A comparison of great power and UN peacekeeping in post-Cold War Africa
Thesis (M.A.)--Georgetown University, 2009.; Includes bibliographical references.; Text (Electronic thesis) in PDF format. This paper examines which group is more effective at performing peacekeeping missions in post-Cold War Africa - the United Nations or separate great powers not operating under UN control. It considers four cases: Somalia, Mozambique, the Democratic Republic of the Congo and Sierra Leone, analyzes the operations conducted within those countries and provides overall assessments.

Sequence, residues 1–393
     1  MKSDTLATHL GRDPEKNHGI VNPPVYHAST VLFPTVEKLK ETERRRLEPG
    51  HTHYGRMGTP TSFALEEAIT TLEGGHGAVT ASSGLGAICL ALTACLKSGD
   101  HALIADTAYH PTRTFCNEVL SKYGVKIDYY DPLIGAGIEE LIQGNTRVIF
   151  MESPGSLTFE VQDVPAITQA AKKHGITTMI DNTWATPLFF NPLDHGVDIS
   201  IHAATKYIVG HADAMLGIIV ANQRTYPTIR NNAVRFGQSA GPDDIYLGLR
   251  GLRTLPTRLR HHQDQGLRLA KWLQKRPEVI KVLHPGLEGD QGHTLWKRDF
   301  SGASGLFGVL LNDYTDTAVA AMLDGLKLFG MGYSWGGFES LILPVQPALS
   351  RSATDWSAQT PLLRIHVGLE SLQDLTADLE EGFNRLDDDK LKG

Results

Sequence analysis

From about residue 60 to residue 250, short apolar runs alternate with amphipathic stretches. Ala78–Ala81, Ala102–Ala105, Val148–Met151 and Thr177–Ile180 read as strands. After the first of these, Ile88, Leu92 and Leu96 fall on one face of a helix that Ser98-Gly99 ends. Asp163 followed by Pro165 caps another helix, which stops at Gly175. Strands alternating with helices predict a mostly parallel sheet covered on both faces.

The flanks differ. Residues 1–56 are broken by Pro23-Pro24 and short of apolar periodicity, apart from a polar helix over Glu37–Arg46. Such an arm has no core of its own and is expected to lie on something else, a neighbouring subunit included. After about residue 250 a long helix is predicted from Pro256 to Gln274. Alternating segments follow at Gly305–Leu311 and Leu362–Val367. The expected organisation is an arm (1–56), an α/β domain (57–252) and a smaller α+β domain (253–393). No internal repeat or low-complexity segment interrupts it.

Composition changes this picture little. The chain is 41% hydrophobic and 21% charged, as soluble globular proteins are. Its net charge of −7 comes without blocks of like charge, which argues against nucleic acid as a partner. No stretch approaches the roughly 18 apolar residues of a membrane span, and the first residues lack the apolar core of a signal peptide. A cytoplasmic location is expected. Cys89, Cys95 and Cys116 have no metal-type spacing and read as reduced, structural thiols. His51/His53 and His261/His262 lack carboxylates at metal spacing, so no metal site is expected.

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Forrow, Lachlan; Blair, Bruce G.; Helfand, Ira; Lewis, George; Postol, Theodore; Sidel, Victor; Levy, Barry S.; Abrams, Herbert; Cassel, Christine (1998-04-30)BACKGROUND: In the 1980s, many medical organizations identified the prevention of nuclear war as one of the medical profession's most important goals. An assessment of the current danger is warranted given the radically changed ...
The Twenty-First Century and Questions of Ethics and War Review of LEGAL and MORAL CONSIDERATIONS on LOW-INTENSITY CONFLICT, by Alberto R. Coll, James S. Ord, and Stephen A. Rose; BALLISTIC MISSILE DEFENSE in the POST-COLD WAR ERA, by David B. H. Denoon; CONSCIENCE at WAR: THE ISRAELI SOLDIER as a MORAL CRITIC, by Ruth Linn; an ENCYCLOPEDIA of WAR and ETHICS, Edited by Donald A. Wells; "VALUES, ASSUMPTIONS, and POLICIES," by Ralph Peters, Karl W. Eikenberry, Harvey M. Sapolsky, and Jeremy Shapiro Becker, John D. (1997)